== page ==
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January 5, 2013
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Poets! Who do you read?

:iconlucy-merriman:
Lucy-Merriman Featured By Owner Jan 5, 2013  Student General Artist
You want to be a writer, you've got to read a lot. Which seems kinda obvious, and pretty much all writers would agree. And yet! I know far, far too many novice poets who don't read poetry, except for what's assigned in class if they're in school, or maybe their friends' work.

Hopefully, this is not because they are being willfully ignorant or arrogant; rather, they don't know about all the great poetry out there waiting to be had! I honestly think this might be the case, because I didn't read a lot of poetry outside of class when I was just starting out, and some passionate recommendations were just the thing to kick me into gear.

So: questions!

1. Who are your favorite poets? What do you like about their work?

2. Is there any poem that has just stuck with you?

3. Have you ever memorized a poem?

4. Is there any poetry genre that interests you and you'd like to learn more about? (eg, Eastern, Spoken Word, Traditional Western, Free Verse)

4. If you could only recommend ONE chapbook or anthology, what would it be?

THE RULES:

*Don't promote yourself! I'm going to say this right now: If you are your own favorite poet...hot damn, I can't even finish that sentence, I'm literally headdesk-ing. Just, get over yourself. That is all.

*You can use a dA poet or a dA poem to answer ONLY ONE question. All the other answers should be from somewhere else. If you don't know any poets off this site, now might be a great time to start exploring!
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Devious Comments

:iconthetaoofchaos:
thetaoofchaos Featured By Owner Jan 15, 2013   Writer
1. Plath, Kerouac, Ginsburg, Snyder, Stevens . . . eh, maybe a little Whitman, Keats and Emerson thrown in.  i don't read enough.

2. sure.  i think the one that sticks with me the most is Mexico City Blues by Kerouac, because there's no way you can ever become completely familiar with it.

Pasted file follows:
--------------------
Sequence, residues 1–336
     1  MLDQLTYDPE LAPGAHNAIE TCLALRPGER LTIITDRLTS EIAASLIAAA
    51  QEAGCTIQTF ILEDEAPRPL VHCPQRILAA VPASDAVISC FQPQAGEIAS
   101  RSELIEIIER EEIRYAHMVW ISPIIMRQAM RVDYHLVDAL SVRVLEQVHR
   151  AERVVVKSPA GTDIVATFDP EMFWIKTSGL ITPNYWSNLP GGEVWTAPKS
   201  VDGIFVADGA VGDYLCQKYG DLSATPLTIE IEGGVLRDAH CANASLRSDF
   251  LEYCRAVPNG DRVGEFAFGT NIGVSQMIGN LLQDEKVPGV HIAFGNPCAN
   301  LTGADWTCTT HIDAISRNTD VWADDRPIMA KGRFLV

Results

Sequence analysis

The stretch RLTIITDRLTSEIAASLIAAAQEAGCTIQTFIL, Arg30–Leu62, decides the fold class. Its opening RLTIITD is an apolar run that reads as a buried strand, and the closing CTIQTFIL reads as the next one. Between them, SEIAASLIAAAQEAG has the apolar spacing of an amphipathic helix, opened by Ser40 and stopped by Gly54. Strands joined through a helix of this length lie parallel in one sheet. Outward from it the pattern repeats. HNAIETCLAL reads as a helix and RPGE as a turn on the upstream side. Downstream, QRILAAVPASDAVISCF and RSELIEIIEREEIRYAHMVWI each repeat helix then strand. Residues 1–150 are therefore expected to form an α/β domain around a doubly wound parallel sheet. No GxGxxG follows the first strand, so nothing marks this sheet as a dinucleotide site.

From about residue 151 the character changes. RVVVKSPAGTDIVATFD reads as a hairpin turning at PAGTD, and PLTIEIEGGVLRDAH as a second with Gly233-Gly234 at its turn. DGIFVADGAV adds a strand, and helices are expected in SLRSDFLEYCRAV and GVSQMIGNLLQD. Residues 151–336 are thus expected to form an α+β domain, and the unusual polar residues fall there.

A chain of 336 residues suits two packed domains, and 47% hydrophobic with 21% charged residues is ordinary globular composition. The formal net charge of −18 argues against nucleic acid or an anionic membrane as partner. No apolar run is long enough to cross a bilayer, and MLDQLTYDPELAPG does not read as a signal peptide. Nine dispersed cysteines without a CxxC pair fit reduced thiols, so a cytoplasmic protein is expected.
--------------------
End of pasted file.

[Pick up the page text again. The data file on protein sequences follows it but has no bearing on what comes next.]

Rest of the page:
3. i've memorized a few lines - never a whole poem.  if i could remember a whole poem, i'd remember two:  Kubla Khan by Coleridge and Long Island Chinese Poem Rain by Kerouac

4. i'd like to explore more visual and found poetry methods, perhaps.

5. New Oxford Book of American Verse

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:iconthebrassglass:
TheBrassGlass Featured By Owner Jan 14, 2013  Professional General Artist
1. Ezra Pound, T.S. Eliot, Walt Whitman, Maya Angelou, Robert Frost, Wallace Stevens, Alfred Lord Tennyson, Robert Browning, Lucille Clifton, Anne Carson, Denise Levertov, Edna St. Vincent Millay (when she's not translating others' poems), Elizabeth Browning, Emily Dickinson, Gregory Corso, Billy Collins, Margaret Atwood and I know there are some I'm forgetting. I really like things with powerful imagery and/or powerful rhythms (I like Maya Angelou almost exclusively for her rhythm).

2. There are quite a few. T.S. Eliot's "Lovesong of J. Alfred Prufrock", Edna St. Vincent Millay's "Renascense" and "Recuerdo", Wallace Stevens's "Thirteen Ways of Looking at a Blackbird", Denise Levertov's "O, Taste and See", Robert Frost's "Nothing Gold Can Stay", Alfred Lord Tennyson's "Ulysses", Gregory Corso's "Marriage", Allen Ginsberg's "Supermarket in California", Maya Angelou's "I Know Why the Caged Bird Sings", Ezra Pound's "In a Station of the Metro", Emily Dickinson's "Because I Could Not Stop for Death", Robert Browning's "A Toccata of Galuppi's" and "My Last Duchess", Margaret Atwood's "Siren Song" and "You Fit Into Me", Anne Carson's "VI. To Clean Your Hooves Here is a Dance in Honor of the Grape which throughout History Has Been a Symbol of Revelry and Joy Not to Say Analogy for the Bride as Uncut Blossom"...

3. I've memorized more bits of poems than whole poems themselves, but I have managed to memorize the entirety of three: "Nothing Gold Can Stay," Robert Frost; "I Wandered Lonely as a Cloud," William Wordsworth; "In a Station of the Metro," Ezra Pound.

4. There's always more to learn about poetry.

5. I have four: "Leaves of Grass" by Walt Whitman, "The Beauty of the Husband" by Anne Carson, the collected works of T.S. Eliot, and Charles Baudelaire's "Les Fleurs du Mal" (but NOT Edna St. Vincent Millay's translation).
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:iconlucy-merriman:
Lucy-Merriman Featured By Owner Jan 14, 2013  Student General Artist
We had to read a few different translations of Le Fleurs du Mal in my college Freshman English class, and I think it's really interesting how differently the translators approach the works. Makes me wish I learned French so I could read it myself.